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Thread: Will trout still take a dry fly that turns into a wet fly?

  1. #11
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    Dec 2007
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    Maryville
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    I was fishing Watauga a couple of years ago and was using a different bwo and starting it dry and letting it go wet in some heavy water and caught a 20 rainbow. My best rainbow ever.

    God Bless,
    Dances with Trout

  2. #12
    Join Date
    May 2008
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    Caught my very first trout on a sunkin parachute adams. Didnt know it then but it was about the time the quill gordons were coming off and this was typical for this mayfly. Also I fish an ant wet all the time and it works great. I think alot of things start on top and with all the currants ends up sunken.
    Lynn

  3. #13
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    I think alot of things start on top and with all the currants ends up sunken.




    My life in one sentence!

  4. #14
    Join Date
    Dec 2010
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    Bean Blossom, Indiana
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    Quote Originally Posted by flyman01 View Post
    When trout are eating caddis emergers, you see the fish leaping out of the water as they chase the caddis toward the surface. Caddis flies do not ride the surface as mayflies do; they jettison right through the surface and make for vegetation. When I am fishing a caddis dry pattern, I always let the bug swing under at the end of the drift and strip it back. After the bug has been dragged under it swings around and starts heading back toward the surface. On the upswing or as you are stripping it back, it appears to be a merger heading for the surface and some of the most aggressive strikes occur during this time. I have fished other patterns in this same fashion and have had good success getting strikes and catching fish. The only problem that arises is that the bug can absorb water and then you need to dry cast a few times to get it floating again. It is well worth the few dry casts, this technique catches fish. So yes, fish do eat dry fly's that become wet, you have been misinformed!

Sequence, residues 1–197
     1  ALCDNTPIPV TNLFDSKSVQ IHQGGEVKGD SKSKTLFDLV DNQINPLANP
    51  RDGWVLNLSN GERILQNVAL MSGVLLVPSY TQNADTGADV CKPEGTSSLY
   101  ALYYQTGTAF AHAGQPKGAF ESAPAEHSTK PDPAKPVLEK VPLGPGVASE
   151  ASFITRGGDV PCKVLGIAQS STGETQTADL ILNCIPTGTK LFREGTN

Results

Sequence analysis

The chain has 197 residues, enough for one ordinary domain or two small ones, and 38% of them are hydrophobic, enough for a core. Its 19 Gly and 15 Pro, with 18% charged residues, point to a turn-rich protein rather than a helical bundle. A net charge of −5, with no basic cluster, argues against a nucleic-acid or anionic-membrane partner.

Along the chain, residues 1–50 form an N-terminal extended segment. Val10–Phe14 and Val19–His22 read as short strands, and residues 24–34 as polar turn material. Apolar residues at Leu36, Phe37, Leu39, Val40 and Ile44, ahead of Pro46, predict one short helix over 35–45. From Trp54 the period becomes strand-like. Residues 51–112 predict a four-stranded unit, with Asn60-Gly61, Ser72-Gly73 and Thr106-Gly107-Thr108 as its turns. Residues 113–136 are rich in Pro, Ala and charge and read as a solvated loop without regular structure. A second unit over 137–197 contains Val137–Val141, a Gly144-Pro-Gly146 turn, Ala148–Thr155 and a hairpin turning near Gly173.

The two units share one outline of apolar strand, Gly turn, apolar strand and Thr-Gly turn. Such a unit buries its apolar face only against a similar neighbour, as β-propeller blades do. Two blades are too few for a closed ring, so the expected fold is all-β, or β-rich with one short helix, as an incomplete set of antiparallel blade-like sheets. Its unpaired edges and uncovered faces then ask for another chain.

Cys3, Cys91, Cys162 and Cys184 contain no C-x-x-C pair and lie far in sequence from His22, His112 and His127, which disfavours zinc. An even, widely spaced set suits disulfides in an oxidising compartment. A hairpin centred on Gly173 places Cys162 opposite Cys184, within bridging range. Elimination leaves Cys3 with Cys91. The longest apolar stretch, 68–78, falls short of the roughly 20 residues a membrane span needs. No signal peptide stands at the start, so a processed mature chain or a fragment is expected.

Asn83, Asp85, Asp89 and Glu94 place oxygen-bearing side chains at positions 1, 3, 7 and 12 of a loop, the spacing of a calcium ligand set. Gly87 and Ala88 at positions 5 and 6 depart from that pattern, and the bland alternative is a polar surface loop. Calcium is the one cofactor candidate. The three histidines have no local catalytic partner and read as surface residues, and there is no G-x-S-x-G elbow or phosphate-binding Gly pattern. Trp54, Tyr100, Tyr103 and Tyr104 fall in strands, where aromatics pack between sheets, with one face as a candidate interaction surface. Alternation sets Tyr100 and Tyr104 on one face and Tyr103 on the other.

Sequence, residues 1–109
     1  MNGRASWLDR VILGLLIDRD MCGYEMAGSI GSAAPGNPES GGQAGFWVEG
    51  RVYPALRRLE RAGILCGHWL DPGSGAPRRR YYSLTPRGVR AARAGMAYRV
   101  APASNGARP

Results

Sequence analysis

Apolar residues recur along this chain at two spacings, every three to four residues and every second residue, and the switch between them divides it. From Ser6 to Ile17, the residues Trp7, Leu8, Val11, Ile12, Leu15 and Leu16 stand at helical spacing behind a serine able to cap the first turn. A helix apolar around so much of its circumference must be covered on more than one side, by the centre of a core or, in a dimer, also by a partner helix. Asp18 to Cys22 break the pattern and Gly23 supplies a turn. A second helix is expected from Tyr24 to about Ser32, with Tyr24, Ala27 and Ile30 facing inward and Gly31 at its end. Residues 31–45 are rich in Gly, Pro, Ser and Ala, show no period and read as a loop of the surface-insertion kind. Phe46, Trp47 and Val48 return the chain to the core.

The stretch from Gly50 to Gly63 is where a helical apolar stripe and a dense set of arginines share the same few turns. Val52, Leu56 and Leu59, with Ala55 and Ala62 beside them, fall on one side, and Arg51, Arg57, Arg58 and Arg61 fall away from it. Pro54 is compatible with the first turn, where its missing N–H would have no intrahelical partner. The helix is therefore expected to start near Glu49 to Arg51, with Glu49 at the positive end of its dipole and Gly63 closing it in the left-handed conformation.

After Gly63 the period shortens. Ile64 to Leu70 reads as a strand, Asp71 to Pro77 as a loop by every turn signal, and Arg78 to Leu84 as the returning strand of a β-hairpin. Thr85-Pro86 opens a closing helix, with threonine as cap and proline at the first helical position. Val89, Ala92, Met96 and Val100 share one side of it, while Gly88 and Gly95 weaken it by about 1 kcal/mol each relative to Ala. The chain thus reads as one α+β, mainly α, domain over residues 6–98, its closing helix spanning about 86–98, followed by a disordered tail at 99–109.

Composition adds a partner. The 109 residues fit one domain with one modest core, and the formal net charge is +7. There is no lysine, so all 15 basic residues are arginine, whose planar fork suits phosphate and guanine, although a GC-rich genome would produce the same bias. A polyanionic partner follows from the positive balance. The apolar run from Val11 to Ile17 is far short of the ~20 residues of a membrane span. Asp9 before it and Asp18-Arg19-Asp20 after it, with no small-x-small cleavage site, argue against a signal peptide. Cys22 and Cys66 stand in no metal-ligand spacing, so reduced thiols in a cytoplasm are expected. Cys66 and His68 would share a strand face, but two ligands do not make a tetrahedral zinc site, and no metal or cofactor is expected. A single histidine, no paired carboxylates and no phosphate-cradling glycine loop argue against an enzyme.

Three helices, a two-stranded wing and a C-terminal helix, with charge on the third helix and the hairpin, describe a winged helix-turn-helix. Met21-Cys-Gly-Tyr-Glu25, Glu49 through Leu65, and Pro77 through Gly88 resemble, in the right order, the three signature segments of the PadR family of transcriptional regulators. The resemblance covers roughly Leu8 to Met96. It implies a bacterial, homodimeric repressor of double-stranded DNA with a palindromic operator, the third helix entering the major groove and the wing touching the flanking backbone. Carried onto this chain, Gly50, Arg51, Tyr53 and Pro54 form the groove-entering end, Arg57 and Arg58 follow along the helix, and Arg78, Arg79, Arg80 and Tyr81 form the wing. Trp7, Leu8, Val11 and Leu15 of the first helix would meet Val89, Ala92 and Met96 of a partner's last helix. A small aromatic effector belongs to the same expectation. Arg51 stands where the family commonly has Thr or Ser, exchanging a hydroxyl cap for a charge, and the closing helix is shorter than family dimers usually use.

So right you are my friend. I've even had rainbow clear the water and nail the fly while it was being false cast to dry it, where they wouldn't even examine it during the presentation.

    On any given day, what works, catches fish. What doesn't wok, doesn't. Sometimes the "purism" fly fisherman practice is what defeats them for the day, but it's all about preserving the art form of fly fishing, lest it be lost forever. Most of the time the practice of "purism" gets results, sometimes it doesn't. Such is life.

    I guess if any of us knew what trout "think", our days on the water would be fewer in number. Maybe not.
    Whitefeather

    -don't tell me why we can't, tell me how we can.- whitefeather
    _________________________________________________
    Blue skies, warm gentle winds, and trout filled waters to all!